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Short and Sweet: Aaron Schneider + What We Think We Know
Short story writer and lit mag editor Aaron Schneider shares his collection What We Think We Know (Gordon Hill Press), its play with the medium in the form of diagrammatic stories, stories in the form of questions, stories that break apart and metastasize. Including the Journey-nominated “Cara’s Men (As Told to You in Confidence)”, excerpted below.
A (short) interview with Aaron Schneider, author of What We Think We KnowAll Lit Up: Describe your collection in under 100 words.Aaron Schneider: What We Think We Know is a collection of experimental short fiction that pushes the boundaries of what the short story is and can be. It includes stories in the forms of diagrams, charts and research data, a story that consists largely of questions, a story about a cancer victim whose sentences fragment and metastasize, and a handful of other artifacts that extend and sometimes elude the definition of the short story. What ties the pieces together is an interest in generating new forms of writing to speak to and reflect contemporary experience.ALU: What do you love about the short story form? AS: What I love most about the form is that it doesn’t exist. There is a history and certain idea of the form that belongs to and develops over that history, but neither that history nor the shape the form has taken over the course of it are determinative. What has been done doesn’t define what we can do. In the final analysis, the short story is nothing more than a word or a page count, a space, within which anything is possible, and every time we sit down to write, we are (re)inventing the form.ALU: Who is your favourite short story author? AS: This may seem odd given the kind of writing that I do, but it’s Alice Munro. I’m from Owen Sound and have been in London for the last two decades, so I grew up and continue to live in the region in which her work is grounded, and I have a deep connection with her material. Not a week goes by that I don’t walk past the building on Western University’s campus where Rose met her husband in Who Do You Think You Are? I am also endlessly fascinated by the precision and complexity of her sentences.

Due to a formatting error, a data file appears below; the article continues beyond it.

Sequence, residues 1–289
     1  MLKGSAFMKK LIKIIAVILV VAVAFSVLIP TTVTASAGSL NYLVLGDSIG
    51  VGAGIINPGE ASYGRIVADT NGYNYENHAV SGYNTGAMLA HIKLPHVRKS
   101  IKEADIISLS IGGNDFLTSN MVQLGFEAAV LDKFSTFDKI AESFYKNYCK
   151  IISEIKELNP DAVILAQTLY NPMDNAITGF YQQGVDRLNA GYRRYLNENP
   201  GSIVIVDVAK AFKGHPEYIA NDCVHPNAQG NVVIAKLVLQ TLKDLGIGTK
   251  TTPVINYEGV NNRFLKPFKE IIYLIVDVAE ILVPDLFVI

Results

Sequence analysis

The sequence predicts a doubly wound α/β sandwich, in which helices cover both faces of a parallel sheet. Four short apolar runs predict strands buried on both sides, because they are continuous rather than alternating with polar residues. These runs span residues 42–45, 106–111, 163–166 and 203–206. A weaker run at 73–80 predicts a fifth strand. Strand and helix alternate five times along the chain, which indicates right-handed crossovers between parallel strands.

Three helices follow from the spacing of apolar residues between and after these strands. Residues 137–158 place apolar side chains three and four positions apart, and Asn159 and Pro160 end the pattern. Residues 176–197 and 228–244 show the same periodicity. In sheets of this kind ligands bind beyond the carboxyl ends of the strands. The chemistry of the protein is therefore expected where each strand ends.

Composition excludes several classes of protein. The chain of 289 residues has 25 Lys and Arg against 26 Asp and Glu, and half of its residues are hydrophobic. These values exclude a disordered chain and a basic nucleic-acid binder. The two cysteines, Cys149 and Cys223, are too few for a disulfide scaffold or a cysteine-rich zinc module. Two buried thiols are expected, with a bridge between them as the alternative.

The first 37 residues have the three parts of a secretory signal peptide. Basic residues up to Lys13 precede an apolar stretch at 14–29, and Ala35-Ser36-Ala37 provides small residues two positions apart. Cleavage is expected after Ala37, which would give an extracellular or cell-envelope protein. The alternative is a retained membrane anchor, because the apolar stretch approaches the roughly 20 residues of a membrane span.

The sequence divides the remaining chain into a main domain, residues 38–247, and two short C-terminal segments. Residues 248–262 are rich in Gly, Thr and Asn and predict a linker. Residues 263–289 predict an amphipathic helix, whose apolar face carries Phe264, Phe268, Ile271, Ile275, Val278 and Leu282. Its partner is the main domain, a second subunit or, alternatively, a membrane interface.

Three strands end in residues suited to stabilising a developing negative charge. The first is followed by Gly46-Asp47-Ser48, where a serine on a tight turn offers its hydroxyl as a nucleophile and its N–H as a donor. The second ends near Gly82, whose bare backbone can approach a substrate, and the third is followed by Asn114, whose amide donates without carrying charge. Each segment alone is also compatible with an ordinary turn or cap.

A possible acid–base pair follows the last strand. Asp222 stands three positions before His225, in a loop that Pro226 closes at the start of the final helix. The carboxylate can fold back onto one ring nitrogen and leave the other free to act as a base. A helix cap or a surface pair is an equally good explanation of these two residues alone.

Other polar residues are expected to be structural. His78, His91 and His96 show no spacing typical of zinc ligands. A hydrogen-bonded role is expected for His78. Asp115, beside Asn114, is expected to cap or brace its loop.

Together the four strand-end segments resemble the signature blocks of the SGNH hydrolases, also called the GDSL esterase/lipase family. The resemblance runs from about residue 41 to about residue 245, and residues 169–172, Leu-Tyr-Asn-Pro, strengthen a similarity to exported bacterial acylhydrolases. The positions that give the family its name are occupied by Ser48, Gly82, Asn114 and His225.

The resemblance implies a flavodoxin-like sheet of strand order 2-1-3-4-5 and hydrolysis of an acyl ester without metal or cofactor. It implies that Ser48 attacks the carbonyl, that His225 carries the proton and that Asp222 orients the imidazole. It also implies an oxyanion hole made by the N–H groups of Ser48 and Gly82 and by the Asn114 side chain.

An excerpt from “Cara’s Men (As Told to You in Confidence)”Cara tells you about the men that she has slept with, across a table in a crowded campus bar over a series of Friday afternoons in the fall when you are both a little drunk and the light is easing you into the evening. You have to lean forward to hear her clearly. The clamour of graduate students and professors talking together, their noise and closeness, how they keep bumping into your elbow, the back of your chair, and apologizing, closes a circle of privacy around you, contains and deepens the intimacy of the conversation:Her first boyfriend was a Jehovah’s Witness. They were both in Grade 8. His parents didn’t want him dating her, or dating at all, and he told them that she was a classmate and that they had been assigned to work together on a project that term. She waited in the entryway of his apartment, and felt: the massing silence. The shining parquet. The atmosphere of piety, certainty and disapproval. They climbed the stairs of his building to a locked door that opened onto the roof and made out on the top step pressing against the steel of the door. The echo in the stairwell magnified and restrained their movements. She was wearing a skirt. He pushed inside of her, and she felt nothing. No pain. Nothing. It was only for a few seconds, and then he stopped. The next day he told her he had wanted to see if she would let him do it. He was already distant when he said this, not expressionless, but withdrawing into disdain, and they broke up.
* * *Aaron Schneider is a Founding Editor at The /tƐmz/ Review and was a Founding Editor at The Rusty Toque. His stories have appeared/are forthcoming in The Danforth Review, Filling Station, The Puritan, Hamilton Arts and Letters, and Prolit-. His story “Cara’s Men (As Told to You in Confidence)” was nominated for the Journey Prize by The Danforth Review. He runs the Creative Writers Speakers Series at Western University. His first book, Grass-Fed, was published by Quattro books in the fall of 2018.
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